FIRST FOR MWCEC

FIRST FOR MWCEC

On the 28th of September 2023, a little unspined, eyes closed, golf ball sized Echidna puggle came into care, weighing only 58 grams. The little Puggle was named “Whiskas”, by his rescuer. MWCEC contacted Australia Zoo regarding the immediate care of Whiskas. Whiskas care included weighing him and recording before and after feeds. This was a guide to how much milk he was allowed to drink, which was 15-20% of his body weight. He was placed on a formula of Wombaroo Echidna Early Milk which is formulated to match the composition of early lactation echidna milk.

Whiskas had to learn quickly how to feed from the palm of his carers hand. It would take up to an hour, per feed for Whiskas to slurp the formula up. During his first few feeds he would be covered in more milk than he drunk, so it was a stressful time for Whiskas and his carer.  Echidnas make a kneading and prodding motion with their beaks into the mother’s abdomen to persuade her to let down the thick milk, so the palm of the hand was prodded by the puggle in the same way. Whiskas would lay on his back or side; this was a display of readiness for a feed.

Whiskas’ housing was in a cotton pouch, in a 15-litre esky, with a baby blanket inside for him to cuddle and burrow into.  Whiskas had a “fresh” odour like tea tree or eucalyptus aroma. As Whiskas was only 58 grams, in agreement with Australia Zoo after a week in care with MWCEC Whiskas was transported to the Zoo. He stayed two nights at the Zoo for assessment then was transported to an experienced Puggle carer on the Sunshine Coast.

WHISKAS THE ECHIDNA PUGGLE

After being with a carer on the Sunshine Coast Whiskas came back into the care of MWCEC, on the 28Th of December, 2023. He grew very spikey with lots of small spikes on his upper body and fine hair underside, legs, face and weighed 381grams.

His home became a large plastic storage tub with dirt, timber burrow box and his baby blanket inside, which he used since day one in care. He lived in this plastic tub until ready for the next stage of care. Whiskas feeds were every 2 ½ days on Wombaroo Echidna Late milk formula, which is formulated to match the composition of later lactation echidna milk. It is very high energy (fat) content milk to cater for infrequent feeding intervals. His milk feeds still calculated at 15-20% of his body weight, weighing before and after feeds recorded. His milk feeds still calculated at 15-2-% of his body weight, weighing before and after feeds recorded.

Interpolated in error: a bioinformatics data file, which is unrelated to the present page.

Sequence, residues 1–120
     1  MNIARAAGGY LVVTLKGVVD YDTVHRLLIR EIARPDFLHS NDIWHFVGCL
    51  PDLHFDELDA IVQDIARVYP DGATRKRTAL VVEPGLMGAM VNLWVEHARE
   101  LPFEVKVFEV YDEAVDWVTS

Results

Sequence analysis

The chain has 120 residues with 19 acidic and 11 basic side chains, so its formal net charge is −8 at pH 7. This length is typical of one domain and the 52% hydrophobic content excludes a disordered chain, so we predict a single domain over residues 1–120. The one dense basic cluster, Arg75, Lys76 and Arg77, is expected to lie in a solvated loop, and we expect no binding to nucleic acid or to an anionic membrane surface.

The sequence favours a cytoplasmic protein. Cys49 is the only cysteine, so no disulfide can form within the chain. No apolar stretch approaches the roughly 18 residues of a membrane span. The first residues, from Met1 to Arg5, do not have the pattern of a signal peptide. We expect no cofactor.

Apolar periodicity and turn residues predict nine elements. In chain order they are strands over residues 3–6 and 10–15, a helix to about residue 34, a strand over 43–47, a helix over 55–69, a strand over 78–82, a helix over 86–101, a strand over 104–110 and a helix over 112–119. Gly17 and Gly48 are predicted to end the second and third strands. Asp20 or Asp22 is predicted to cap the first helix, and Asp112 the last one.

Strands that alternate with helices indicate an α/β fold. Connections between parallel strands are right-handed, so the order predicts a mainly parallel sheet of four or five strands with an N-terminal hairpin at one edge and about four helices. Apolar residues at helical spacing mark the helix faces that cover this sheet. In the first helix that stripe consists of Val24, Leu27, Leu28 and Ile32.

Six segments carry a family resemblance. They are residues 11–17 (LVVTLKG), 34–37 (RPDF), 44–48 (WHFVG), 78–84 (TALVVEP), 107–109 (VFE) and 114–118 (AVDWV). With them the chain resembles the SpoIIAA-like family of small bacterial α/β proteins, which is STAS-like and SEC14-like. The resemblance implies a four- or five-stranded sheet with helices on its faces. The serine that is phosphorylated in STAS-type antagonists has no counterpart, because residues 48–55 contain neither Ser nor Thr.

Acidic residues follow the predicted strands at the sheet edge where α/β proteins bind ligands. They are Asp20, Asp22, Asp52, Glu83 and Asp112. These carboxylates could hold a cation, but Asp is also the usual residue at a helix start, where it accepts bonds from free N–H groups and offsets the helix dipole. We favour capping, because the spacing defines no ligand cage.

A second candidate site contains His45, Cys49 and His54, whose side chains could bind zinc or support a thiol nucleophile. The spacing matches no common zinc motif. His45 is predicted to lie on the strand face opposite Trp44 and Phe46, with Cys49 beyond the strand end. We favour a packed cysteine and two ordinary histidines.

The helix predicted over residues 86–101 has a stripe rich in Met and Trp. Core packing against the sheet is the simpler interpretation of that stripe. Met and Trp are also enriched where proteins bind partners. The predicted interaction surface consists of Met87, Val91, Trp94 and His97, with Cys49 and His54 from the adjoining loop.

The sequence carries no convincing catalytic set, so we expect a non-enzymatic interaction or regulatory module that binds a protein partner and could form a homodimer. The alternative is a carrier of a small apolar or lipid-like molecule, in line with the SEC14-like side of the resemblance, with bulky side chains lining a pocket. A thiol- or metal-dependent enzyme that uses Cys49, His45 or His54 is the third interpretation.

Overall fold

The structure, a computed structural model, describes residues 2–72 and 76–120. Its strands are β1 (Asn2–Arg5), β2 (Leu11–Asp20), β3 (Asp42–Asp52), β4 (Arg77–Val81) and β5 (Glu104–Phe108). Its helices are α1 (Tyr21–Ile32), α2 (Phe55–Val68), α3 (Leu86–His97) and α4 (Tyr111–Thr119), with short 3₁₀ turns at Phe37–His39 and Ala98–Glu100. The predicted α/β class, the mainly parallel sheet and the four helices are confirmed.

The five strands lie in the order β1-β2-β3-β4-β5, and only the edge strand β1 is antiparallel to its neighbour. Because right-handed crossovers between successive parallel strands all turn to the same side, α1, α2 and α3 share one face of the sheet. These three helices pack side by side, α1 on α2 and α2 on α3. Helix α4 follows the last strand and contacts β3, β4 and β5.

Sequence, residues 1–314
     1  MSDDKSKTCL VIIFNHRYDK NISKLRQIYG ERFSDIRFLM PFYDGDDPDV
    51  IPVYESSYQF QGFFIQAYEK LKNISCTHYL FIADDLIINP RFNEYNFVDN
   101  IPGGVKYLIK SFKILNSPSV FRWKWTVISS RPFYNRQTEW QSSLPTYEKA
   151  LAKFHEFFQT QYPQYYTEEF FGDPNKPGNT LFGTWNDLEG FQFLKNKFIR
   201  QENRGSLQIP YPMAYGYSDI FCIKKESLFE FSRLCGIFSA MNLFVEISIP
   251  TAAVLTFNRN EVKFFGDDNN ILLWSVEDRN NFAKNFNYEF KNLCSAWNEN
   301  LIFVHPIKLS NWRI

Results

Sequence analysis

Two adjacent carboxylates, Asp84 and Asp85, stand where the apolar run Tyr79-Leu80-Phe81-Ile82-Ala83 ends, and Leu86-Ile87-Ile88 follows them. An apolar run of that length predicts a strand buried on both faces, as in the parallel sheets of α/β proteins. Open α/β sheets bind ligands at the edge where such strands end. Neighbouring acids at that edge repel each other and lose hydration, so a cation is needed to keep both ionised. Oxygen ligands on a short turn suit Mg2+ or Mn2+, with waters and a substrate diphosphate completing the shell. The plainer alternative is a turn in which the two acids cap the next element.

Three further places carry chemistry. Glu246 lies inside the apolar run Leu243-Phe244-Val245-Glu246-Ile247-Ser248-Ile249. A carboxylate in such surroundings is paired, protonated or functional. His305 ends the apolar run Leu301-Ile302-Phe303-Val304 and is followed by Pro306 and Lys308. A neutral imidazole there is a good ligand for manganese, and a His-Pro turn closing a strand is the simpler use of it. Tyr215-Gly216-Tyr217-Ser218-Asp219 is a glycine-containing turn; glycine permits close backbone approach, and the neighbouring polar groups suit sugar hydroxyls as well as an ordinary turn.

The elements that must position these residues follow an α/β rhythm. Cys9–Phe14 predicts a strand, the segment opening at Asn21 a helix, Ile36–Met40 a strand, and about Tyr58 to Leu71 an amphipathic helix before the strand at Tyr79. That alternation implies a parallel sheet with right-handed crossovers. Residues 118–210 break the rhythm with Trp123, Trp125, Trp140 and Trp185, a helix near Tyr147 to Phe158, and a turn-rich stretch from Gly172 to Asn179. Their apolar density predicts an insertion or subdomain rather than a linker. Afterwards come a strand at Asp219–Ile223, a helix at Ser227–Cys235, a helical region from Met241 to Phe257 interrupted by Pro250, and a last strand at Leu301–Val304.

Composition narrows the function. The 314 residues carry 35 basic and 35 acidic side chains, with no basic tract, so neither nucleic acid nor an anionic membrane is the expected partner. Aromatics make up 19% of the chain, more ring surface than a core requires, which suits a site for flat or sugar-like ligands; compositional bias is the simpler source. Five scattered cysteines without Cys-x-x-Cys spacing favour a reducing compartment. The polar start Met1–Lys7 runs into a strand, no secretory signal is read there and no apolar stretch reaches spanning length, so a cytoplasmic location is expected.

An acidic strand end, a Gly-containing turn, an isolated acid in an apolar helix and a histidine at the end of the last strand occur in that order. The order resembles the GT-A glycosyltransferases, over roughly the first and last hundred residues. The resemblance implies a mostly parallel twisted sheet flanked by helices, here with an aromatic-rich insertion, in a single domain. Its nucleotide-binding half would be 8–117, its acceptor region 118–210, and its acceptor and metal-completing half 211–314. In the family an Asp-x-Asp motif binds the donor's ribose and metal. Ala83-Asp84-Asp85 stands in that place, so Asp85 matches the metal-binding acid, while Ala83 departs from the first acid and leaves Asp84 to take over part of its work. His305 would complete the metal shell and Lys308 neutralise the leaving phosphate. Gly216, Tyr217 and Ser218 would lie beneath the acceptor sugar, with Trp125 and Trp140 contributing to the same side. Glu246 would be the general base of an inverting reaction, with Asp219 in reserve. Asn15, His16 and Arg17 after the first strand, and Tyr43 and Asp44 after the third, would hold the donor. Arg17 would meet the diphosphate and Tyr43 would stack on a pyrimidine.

Whiskas now putting on roughly 100 grams per feed and spikes so sharp requiring welding gloves for handling. He is thriving in care.

PAXTON THE PUGGLE

Paxton the Puggle was handed into the St George Vet Clinic on 3rd November 2023.  MWCEC organised with Warrego Transport Roma to transport this special cargo from St George to Roma. Paxton came into care weighing 203 grams, bigger than our first little one Whiskas. Paxton’s carer sought the advice and support from an experienced Echidna Puggle Mentor (who happened to be Whiskas current carer). This advice and support allowed Paxton to remain in care with MWCEC.

Paxton was placed on Wombaroo Echidna Early Milk formula and was kneading, prodding, and drinking from the palm of the hand of his carer like a Pro. His feeds were daily till his carer was confident he was drinking sufficient milk quantity, which was 15-20% of his body weight.

Paxton’s home was a 20-litre esky with a baby blanket for him to snuggle and burrow into. Paxton’s spines grew bigger and sharper with his underside, face and legs covered with a soft hair. Short walks on the grass allowed his legs to strengthen and become stronger getting ready for release.

On the 8th of December, Paxton moved into a large plastic storage tub with dirt, timber burrow box and his baby blanket inside, which he used since day one in care. His home would be this plastic tub until ready for the next stage of care. Paxton’s feeds were every 2 ½ days and on Wombaroo Echidna Late milk formula, which is formulated to match the composition of later lactation echidna milk. It is very high energy (fat) content milk to cater for infrequent feeding intervals.

Paxton now putting on roughly 150 grams per feed and spikes so sharp requiring welding gloves for handling. He is thriving in care.

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